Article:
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For the low cost of just $49.95 (Or 3 low payments of only $19.95 each) I will ship you some "Premium" product made specifically for seasoning smokers. Works great!

JK!
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Unread 10-05-2011, 02:47 AM   #7
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Welcome to the site! Nice build
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Unread 10-05-2011, 06:25 AM   #8
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You might be able to use the area/pipe between firebox and cooker as a log warmer or cooking surface. I would add a flat surface to keep logs/pans from sliding off.
Pre warming logs on the offset will help you maintain a good clean fire as you may already know.
I have a flat area on my offset that i use to cook on with cast iron skillets. Eggs, sausages, snacks, etc. Think direct grilling.
Nice looking offset. I wish that i had some skills like that.
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Unread 10-05-2011, 07:58 AM   #9
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All great advise.

I just wanted to say NICE BUILD!!

Clean her up, season with veg oil, pam, fatties, pork etc. Get cooking.

You may want to build an nice shelf in front to work from.

I like your stand off intermediate exhaust pipe. Makes sense. Did you say it was 7/17" thick. If so I doubt you will loose much heat once you are up to temp.

Welcome aboard.
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Unread 10-05-2011, 08:16 AM   #10
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Nice rig, homemade is always the best!!
Crank it up and see how she cooks. Trial and error is the best way to learn.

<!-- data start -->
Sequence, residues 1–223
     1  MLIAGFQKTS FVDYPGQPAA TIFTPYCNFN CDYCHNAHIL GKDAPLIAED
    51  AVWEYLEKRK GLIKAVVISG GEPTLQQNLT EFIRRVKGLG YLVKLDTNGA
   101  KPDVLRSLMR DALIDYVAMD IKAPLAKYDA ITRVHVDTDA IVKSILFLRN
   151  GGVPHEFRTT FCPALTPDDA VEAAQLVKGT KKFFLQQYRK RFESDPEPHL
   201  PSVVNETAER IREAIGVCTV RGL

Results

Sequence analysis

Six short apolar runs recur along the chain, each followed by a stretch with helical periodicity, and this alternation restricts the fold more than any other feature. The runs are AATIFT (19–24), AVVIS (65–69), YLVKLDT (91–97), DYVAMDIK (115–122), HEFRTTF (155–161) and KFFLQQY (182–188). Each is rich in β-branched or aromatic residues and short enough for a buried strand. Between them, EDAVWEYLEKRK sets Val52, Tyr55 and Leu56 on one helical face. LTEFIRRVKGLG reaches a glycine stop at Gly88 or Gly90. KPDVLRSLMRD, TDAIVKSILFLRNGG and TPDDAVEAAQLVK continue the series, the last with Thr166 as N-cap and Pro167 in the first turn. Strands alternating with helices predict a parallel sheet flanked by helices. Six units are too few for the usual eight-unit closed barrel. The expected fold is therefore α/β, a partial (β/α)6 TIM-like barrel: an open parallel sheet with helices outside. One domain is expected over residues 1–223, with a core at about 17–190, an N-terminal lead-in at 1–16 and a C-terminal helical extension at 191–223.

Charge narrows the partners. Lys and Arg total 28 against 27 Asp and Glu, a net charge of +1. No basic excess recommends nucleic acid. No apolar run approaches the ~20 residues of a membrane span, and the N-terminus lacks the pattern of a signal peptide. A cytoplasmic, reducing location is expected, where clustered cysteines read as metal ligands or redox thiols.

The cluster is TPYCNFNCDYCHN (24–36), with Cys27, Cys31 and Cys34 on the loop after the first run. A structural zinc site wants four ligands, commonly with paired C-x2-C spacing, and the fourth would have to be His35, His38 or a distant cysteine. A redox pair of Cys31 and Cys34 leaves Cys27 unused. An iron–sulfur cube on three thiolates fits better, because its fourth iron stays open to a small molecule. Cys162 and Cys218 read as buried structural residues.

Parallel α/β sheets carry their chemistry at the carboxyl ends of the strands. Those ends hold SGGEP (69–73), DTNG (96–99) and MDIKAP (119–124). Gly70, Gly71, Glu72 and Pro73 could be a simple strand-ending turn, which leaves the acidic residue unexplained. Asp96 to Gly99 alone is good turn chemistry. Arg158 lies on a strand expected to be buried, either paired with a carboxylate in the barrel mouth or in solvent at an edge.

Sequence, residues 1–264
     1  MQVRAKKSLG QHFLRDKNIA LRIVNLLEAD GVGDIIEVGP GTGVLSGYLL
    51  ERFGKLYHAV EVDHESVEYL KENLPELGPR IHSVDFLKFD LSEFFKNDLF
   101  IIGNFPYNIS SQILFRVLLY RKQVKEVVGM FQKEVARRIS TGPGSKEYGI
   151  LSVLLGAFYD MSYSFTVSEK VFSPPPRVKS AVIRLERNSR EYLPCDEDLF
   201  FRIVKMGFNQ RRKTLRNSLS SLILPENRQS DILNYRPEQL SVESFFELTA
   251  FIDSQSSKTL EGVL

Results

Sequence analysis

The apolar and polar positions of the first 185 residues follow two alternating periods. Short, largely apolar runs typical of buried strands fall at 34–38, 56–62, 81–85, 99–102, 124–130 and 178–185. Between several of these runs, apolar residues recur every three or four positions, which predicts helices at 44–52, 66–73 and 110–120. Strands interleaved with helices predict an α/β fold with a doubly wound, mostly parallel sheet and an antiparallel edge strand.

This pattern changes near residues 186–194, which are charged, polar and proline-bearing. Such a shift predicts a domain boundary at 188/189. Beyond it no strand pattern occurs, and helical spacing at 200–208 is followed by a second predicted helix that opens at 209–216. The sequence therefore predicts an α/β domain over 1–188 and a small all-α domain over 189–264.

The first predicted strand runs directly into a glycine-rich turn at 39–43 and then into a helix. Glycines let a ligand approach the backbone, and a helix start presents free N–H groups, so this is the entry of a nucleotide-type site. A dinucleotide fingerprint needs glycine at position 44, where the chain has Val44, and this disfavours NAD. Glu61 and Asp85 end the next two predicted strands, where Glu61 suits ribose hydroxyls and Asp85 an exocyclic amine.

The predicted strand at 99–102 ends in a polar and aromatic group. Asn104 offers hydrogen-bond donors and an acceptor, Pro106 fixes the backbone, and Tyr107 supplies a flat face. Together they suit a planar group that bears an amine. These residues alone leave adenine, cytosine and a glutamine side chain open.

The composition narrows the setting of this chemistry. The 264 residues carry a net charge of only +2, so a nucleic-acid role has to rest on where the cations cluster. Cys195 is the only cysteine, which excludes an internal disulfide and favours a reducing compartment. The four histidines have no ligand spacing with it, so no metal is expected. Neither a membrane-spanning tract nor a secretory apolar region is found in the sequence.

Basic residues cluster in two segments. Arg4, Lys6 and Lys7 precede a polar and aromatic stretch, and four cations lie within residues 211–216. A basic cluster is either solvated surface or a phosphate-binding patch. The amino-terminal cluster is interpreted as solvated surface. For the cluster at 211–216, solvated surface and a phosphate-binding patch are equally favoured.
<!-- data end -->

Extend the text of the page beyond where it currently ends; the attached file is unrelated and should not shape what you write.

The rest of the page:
I agree that a pork butt (bone in shoulder) is one of the easiest.
Get the smoker up to temp, 225ish, and let this butt smoke all night while you sleep. Check it the next morning and you'll find that you can't pick it up w/o it falling apart! You can check temps and such, but if the bone slips out and it shreads easily w/o being gummy, it's done.
I normally tend to my fire for the first 3 or so hours to ensure it's staying steady and getting the smoke it needs. The rest of the night I sleep like a baby. Good luck w/ your new rig!!
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Unread 10-05-2011, 08:33 AM   #11
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Very nice looking smoker. A friend of mine built one simlilar to yours and he filled the bottom of the cooking chamber with split hickory logs and let it burn for about 4 hours. That seasoned it really good. Then we cooked 10 butts and 4 brisketts and that pretty much took care of the rest of the seasoning. Good luck and have fun
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Unread 10-06-2011, 08:29 PM   #12
Co-lay
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Default Sausage?????

Thanks to everyone. I have taken detailed notes and appreciate all the advise!

Since the picture i have added a small table under the door, which will come in handy. I have placed some wood in the Fire Box, and the cook tank sky rocketed up to 475 plus, without even trying to make it mad! :) But without tunning plates, I noticed between the thermometers there was a drastic 60-65 degrees different from the front to the back. I bet there will be alot of tweaking once i get the cooking started.

Tomarrow I will spray the tank the beautiful satin black. I will post the final pictures soon. Please stand by :)

Bisquits will be on the menu first to elemate the hot & cold spots. Then once i conquer that i will move on to seasoning the interior.

I have to bust tail because I was asked to cook sausage for the local Oktoberfest. Should I smoke them or grill?

By the way, Thanks everyone for the welcoming.

Cody